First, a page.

In the interview, which can be seen in the above-embedded video, Koch said, “Some poor kid in the inner city smokes a joint, goes to prison, ruins his life, where we have a president who is more privileged, who smoked a joint, becomes president. We have a candidate who admits smoking a joint — he’s running for president. Now, where is the justice in that?

The controversial Koch brothers have long pushed for criminal justice reforms that would reduce or eliminate harsh criminal penalties for non-violent offenders.

[RELATED: Obama Praises Rand Paul, Koch Brothers in NAACP Criminal Justice Reform Speech]

Speaking in terms of principles, Koch said, “I think government is a social agency of coercion. Now that sounds horrible and bad, but we need coercion. Beyond that, government should only be doing those things where coercion works better than voluntary cooperation and competition… But the burden of proof needs to be on the government.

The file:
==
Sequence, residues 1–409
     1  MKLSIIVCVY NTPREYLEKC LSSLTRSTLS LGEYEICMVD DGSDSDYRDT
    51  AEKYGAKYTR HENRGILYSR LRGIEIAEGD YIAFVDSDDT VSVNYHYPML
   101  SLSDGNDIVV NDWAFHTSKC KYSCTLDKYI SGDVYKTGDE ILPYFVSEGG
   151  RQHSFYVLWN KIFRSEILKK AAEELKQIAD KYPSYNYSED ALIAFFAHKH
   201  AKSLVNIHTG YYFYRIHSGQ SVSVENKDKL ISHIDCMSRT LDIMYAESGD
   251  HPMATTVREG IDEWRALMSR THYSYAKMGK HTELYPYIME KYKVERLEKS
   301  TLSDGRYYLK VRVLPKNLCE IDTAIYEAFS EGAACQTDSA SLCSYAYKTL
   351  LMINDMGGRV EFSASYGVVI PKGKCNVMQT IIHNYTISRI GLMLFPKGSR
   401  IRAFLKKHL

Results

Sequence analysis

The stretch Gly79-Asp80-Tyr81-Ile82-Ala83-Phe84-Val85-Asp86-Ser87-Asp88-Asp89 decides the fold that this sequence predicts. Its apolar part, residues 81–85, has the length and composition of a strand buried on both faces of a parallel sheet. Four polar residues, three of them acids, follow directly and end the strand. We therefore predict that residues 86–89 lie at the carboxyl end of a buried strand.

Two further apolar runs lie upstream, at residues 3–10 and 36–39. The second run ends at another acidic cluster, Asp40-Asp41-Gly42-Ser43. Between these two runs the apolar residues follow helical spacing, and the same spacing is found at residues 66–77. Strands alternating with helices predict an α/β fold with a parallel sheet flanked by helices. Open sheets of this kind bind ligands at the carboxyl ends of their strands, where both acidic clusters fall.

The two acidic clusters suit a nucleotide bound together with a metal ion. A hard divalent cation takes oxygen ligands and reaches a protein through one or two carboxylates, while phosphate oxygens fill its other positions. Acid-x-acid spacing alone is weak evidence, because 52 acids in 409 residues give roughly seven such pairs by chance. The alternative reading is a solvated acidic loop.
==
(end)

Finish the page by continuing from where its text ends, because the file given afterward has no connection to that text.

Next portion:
Koch told CBS correspondent Anthony Mason that he dislikes the tone that many Republican candidates have struck on immigration in 2016 presidential primary debates. “We need to reform our immigration policy, letting everyone in this country who’s going to make the country better and let in no one who is going to make it worse,” he said.

Describing his business philosophy, Koch explained, “The way to succeed long term is not to think how do I maximize profits, but how do… we maximize the value we create for others.

[RELATED: Charles Koch Blasts Crony Capitalism, Calls Subsidies ‘Welfare for the Wealthy’]